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Ashley Judd reflected on forgiving her mother Naomi Judd “long ago” as she discussed the country music star’s death by suicide.
“I look back at my childhood, and I realize I grew up with a mom who had an undiagnosed and untreated mental illness,” Ashley told David Kessler, the host of the “Healing with David Kessler” podcast in a recent episode.
“And there are different behavioral expressions, interactions, flights of fancy, you know, choices that she made that I understand were an expression of the disease.”
Ashley and Wynonna have been outspoken about their rough childhood and choices Naomi made. Ashley wrote about her childhood in her 2011 memoir “All That is Bitter and Sweet.”
NAOMI JUDD REMEMBERED BY WYNONNA: ‘THIS CANNOT BE HOW THE JUDDS STORY ENDS’
She also shared that she grew up in “a dysfunctional family system that didn’t work very well” during an interview with the “Today” show the same year.
“I understand that and know that she was in pain, and (I) can today understand that she was absolutely doing the best that she could. And if she could have done it differently, she would have.”
Ashley admitted she hopes Naomi was able to “let go” of any guilt and shame she carried about her mental health issues when she passed away.
“My most ardent wish for my mother is that when she transitioned, she was hopefully able to let go of any guilt or shame that she carried for any shortcomings she may have had in her parenting of my sister and me,” she explained. “Because, certainly on my end, all was forgiven long ago.”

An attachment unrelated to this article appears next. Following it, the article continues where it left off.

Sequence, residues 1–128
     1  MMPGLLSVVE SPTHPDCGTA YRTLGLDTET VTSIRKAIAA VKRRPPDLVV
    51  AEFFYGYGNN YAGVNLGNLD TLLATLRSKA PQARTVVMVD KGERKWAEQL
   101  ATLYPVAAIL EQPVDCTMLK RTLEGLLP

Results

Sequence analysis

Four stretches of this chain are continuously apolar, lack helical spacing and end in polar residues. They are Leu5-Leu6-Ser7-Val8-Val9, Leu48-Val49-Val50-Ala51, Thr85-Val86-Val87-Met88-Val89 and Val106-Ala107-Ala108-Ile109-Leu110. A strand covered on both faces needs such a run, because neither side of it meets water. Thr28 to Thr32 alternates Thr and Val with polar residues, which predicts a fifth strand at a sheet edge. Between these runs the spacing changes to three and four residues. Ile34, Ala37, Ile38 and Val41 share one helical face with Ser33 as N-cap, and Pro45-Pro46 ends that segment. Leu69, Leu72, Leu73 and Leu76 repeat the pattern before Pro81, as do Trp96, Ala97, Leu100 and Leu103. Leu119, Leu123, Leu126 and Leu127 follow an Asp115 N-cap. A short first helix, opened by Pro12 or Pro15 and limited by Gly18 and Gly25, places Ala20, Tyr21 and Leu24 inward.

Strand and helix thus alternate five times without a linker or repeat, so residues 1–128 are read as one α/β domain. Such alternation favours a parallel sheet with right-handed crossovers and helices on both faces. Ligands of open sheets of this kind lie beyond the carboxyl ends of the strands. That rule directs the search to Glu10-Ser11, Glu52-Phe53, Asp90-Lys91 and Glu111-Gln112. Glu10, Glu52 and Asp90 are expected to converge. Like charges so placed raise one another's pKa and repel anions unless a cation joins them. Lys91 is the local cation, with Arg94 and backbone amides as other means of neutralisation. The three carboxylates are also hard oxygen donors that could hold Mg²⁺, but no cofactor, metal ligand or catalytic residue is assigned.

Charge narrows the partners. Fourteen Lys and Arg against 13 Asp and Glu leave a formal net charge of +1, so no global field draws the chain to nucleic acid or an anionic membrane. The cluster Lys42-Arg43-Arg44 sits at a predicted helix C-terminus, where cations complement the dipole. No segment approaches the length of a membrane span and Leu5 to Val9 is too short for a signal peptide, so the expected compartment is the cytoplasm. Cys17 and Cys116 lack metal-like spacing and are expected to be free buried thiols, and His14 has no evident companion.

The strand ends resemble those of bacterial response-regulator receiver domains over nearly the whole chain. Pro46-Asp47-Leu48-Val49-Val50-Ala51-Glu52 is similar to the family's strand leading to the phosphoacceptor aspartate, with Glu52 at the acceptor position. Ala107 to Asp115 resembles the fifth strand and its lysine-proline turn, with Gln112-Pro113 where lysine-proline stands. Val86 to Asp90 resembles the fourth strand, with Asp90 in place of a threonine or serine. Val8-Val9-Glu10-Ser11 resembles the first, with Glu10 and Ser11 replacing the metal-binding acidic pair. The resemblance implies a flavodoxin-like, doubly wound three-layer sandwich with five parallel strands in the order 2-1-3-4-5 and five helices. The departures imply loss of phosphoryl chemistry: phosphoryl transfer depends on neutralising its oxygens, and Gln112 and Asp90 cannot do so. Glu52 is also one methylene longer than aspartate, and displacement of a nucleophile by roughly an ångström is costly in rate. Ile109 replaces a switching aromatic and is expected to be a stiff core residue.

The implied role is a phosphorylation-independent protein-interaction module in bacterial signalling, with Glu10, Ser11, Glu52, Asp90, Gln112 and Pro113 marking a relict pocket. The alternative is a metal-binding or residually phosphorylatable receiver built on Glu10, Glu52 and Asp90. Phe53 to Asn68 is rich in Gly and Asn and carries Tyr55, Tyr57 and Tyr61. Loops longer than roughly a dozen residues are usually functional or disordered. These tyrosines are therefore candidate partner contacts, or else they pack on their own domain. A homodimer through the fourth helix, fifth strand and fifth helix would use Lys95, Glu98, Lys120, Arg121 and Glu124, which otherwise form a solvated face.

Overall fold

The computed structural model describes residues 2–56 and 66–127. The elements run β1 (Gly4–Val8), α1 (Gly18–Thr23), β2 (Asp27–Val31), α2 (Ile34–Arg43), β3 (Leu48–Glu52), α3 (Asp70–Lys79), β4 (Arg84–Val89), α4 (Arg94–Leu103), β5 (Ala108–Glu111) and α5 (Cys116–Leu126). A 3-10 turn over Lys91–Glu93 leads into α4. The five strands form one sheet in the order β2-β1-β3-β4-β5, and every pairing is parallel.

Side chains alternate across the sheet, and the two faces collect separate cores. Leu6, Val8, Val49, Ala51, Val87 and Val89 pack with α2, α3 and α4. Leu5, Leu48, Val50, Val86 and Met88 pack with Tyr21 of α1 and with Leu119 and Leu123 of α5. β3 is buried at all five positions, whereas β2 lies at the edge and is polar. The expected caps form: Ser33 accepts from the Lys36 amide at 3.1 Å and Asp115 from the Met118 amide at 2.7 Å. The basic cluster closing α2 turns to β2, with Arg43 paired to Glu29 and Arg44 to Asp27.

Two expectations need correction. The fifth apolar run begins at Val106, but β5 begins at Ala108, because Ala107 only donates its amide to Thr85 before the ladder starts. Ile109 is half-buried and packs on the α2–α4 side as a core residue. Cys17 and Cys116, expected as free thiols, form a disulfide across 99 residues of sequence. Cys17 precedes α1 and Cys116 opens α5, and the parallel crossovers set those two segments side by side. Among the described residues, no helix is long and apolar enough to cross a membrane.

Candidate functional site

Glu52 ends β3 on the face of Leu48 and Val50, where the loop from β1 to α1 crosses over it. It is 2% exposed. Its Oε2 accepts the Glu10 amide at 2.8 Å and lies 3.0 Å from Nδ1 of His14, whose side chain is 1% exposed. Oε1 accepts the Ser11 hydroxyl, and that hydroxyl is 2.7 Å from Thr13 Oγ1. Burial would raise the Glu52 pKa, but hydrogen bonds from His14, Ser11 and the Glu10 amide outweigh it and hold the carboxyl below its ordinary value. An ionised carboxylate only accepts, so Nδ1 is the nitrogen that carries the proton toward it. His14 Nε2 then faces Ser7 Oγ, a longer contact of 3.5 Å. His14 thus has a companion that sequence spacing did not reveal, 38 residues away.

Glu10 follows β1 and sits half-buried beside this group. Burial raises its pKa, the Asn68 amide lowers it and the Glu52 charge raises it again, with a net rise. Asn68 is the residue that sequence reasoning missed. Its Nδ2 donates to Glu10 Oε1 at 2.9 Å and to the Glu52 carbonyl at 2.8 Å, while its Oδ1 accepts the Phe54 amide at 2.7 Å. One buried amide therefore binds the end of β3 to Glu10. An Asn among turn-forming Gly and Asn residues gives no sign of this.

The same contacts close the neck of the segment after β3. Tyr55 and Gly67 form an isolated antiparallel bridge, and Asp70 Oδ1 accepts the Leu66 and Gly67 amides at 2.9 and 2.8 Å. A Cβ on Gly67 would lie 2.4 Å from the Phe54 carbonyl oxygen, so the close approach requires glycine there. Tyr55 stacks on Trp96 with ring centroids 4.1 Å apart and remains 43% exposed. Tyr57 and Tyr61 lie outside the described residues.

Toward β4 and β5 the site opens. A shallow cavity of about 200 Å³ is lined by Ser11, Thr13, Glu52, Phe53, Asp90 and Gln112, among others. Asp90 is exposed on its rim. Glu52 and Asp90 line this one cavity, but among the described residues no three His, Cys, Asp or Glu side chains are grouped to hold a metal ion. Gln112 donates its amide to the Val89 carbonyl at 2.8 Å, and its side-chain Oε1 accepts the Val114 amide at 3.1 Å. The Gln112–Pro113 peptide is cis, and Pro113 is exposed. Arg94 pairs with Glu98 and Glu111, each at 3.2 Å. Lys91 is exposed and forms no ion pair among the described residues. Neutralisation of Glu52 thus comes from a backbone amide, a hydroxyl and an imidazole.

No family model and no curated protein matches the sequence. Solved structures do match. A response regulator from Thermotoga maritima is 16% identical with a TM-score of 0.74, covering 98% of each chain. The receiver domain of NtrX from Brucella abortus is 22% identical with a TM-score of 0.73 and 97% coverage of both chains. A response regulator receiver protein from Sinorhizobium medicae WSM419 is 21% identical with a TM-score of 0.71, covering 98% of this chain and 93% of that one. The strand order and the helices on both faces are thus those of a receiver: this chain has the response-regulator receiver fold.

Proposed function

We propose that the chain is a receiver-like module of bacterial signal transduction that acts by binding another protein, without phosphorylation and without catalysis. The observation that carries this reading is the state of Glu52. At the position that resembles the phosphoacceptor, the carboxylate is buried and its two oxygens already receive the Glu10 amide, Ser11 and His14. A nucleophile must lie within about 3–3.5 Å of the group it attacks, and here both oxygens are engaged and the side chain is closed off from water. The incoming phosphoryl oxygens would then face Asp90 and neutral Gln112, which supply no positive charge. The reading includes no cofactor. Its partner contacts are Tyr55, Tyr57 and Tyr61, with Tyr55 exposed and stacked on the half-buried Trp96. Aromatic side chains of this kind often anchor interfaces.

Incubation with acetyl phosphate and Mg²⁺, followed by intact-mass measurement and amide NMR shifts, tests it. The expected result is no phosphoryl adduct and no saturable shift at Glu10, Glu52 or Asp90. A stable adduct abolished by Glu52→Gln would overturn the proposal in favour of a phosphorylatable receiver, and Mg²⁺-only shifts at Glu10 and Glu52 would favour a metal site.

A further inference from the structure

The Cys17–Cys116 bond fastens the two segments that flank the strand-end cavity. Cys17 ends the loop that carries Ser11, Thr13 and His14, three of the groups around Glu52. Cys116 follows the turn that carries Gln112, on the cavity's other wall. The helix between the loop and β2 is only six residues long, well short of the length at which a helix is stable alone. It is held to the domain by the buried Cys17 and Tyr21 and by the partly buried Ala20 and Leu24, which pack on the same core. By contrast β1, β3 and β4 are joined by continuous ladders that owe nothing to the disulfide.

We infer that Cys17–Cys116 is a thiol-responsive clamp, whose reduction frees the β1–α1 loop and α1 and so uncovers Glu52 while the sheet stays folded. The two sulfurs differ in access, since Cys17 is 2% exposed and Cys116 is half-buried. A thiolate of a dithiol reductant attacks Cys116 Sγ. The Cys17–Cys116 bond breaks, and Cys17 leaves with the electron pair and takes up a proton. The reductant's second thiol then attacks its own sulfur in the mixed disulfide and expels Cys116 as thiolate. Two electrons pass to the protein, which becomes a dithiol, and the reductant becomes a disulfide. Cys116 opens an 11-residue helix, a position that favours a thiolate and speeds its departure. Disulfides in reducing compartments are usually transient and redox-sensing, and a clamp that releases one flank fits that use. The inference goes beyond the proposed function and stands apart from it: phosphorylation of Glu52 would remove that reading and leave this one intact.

Naomi died by suicide on April 30.
Ashley and Wynonna Judd announced their mother’s death via a statement shared to social media.
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“Today we sisters experienced a tragedy,” the joint statement read. “We lost our beautiful mother to the disease of mental illness. We are shattered. We are navigating profound grievance and know that as we loved her, she was loved by her public. We are in unknown territory.”
Just weeks before her death, Naomi and Wynonna reunited at the CMA Awards for a performance. The duo also announced they were going back on tour for the first time in 10 years.
“The Final Tour” is now set to begin Sept. 30 in Grand Rapids, Michigan, and end on Oct. 29. in Lexington, Kentucky.
Ashley also explained during the interview that the family has figured out how to grieve in their “individual and respective ways.”.
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“One of the things that I think we have done well as a family, meaning my pop, my sister, Wynonna, and me, is we have really given each other the dignity and allowance to grieve in our individual and respective ways,” she told Kessler during the interview. “And yet, we’ve been able to completely stick together. So we can be at the same supper table and recognize ‘Oh, this one is in anger.’ ‘This one is in denial,’ ‘This one is in bargaining,’ ‘This one is in acceptance.’ ‘I’m in shock right now.’ And we don’t try to control or redirect or dictate how the other one should be feeling at any particular moment.”
“We may be in slightly different places (with our grievance) and, yet, we’re in community.”
If you or someone you know is having thoughts of suicide, please contact the National Suicide Prevention Lifeline at 988.